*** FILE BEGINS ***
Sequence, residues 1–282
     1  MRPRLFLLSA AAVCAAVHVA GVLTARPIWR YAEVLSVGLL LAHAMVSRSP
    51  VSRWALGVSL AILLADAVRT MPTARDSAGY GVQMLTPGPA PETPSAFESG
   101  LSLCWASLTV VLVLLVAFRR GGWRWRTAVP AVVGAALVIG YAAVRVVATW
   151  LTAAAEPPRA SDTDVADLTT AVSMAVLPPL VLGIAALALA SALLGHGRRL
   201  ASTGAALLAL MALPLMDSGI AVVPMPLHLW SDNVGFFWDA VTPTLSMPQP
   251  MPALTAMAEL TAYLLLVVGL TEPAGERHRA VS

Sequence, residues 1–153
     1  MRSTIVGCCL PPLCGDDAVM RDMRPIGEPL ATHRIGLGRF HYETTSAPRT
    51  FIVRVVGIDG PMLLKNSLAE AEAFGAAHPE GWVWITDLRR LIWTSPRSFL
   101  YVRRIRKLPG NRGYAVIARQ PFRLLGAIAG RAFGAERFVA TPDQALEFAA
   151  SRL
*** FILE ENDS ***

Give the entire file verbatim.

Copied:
Sequence, residues 1–282
     1  MRPRLFLLSA AAVCAAVHVA GVLTARPIWR YAEVLSVGLL LAHAMVSRSP
    51  VSRWALGVSL AILLADAVRT MPTARDSAGY GVQMLTPGPA PETPSAFESG
   101  LSLCWASLTV VLVLLVAFRR GGWRWRTAVP AVVGAALVIG YAAVRVVATW
   151  LTAAAEPPRA SDTDVADLTT AVSMAVLPPL VLGIAALALA SALLGHGRRL
   201  ASTGAALLAL MALPLMDSGI AVVPMPLHLW SDNVGFFWDA VTPTLSMPQP
   251  MPALTAMAEL TAYLLLVVGL TEPAGERHRA VS

Sequence, residues 1–153
     1  MRSTIVGCCL PPLCGDDAVM RDMRPIGEPL ATHRIGLGRF HYETTSAPRT
    51  FIVRVVGIDG PMLLKNSLAE AEAFGAAHPE GWVWITDLRR LIWTSPRSFL
   101  YVRRIRKLPG NRGYAVIARQ PFRLLGAIAG RAFGAERFVA TPDQALEFAA
   151  SRL